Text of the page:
Dating of the gospel of thomas
The Gospel of Thomas (also known as the Coptic Gospel of Thomas) is a non-canonical sayings gospel.
It was discovered near Nag Hammadi, Egypt, in December 1945 among a group of books known as the Nag Hammadi library.
However, it is not clear whether he was referring to this Gospel of Thomas or one of the other texts attributed to Thomas.The Gospel of Thomas is very different in tone and structure from other New Testament apocrypha and the four Canonical Gospels.Unlike the canonical Gospels, it is not a narrative account of the life of Jesus; instead, it consists of logia (sayings) attributed to Jesus, sometimes stand-alone, sometimes embedded in short dialogues or parables.John portrays Thomas as physically touching the risen Jesus, inserting fingers and hands into his body, and ending with a shout.Pagels interprets this as signifying one-upmanship by John, who is forcing Thomas to acknowledge Jesus' bodily nature.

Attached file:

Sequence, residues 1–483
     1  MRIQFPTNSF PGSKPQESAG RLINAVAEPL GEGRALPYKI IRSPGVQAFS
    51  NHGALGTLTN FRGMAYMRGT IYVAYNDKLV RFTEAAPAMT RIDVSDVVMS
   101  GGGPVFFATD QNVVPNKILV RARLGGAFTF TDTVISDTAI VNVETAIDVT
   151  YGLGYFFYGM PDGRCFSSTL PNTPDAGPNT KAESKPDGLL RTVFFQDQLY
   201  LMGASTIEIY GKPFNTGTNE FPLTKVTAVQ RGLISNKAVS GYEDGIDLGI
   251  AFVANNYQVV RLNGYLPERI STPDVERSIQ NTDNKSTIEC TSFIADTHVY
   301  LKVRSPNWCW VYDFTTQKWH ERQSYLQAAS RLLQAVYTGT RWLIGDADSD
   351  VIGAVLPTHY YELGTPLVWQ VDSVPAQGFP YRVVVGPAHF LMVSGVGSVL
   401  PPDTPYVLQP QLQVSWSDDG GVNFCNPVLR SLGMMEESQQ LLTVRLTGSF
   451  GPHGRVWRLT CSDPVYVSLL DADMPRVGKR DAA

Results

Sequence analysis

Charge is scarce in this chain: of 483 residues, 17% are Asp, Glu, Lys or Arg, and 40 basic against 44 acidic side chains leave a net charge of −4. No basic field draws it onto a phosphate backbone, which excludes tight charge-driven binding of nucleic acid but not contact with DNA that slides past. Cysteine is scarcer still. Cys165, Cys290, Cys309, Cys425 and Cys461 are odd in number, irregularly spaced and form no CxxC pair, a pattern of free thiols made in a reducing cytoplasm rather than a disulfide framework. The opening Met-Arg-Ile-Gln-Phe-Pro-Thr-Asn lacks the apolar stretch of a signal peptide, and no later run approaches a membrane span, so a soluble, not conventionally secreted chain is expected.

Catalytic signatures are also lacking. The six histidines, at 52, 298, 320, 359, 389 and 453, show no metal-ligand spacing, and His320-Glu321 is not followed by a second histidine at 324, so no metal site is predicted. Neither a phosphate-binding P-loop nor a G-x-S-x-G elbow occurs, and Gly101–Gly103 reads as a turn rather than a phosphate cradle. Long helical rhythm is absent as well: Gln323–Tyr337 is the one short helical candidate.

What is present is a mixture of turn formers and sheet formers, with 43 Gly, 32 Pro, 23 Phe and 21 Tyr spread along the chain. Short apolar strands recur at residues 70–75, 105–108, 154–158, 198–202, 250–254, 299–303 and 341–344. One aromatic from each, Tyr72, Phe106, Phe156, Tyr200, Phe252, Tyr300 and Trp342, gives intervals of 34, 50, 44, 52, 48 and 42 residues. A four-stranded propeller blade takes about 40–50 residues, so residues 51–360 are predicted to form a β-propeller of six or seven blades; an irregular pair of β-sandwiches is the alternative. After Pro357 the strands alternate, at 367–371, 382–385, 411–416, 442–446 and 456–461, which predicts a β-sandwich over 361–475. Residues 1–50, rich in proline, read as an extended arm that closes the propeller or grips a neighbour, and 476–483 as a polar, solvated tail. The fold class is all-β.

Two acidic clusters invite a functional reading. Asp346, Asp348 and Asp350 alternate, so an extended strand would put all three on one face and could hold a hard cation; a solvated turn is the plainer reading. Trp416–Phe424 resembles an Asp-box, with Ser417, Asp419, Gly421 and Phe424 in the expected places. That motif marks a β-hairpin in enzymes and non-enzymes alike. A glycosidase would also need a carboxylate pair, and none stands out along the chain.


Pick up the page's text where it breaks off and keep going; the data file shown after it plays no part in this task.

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In another apparent contrast, John's text matter-of-factly presents a bodily resurrection as if this is a sine qua non of the faith; in contrast, Thomas' insights about the spirit-and-body are more nuanced.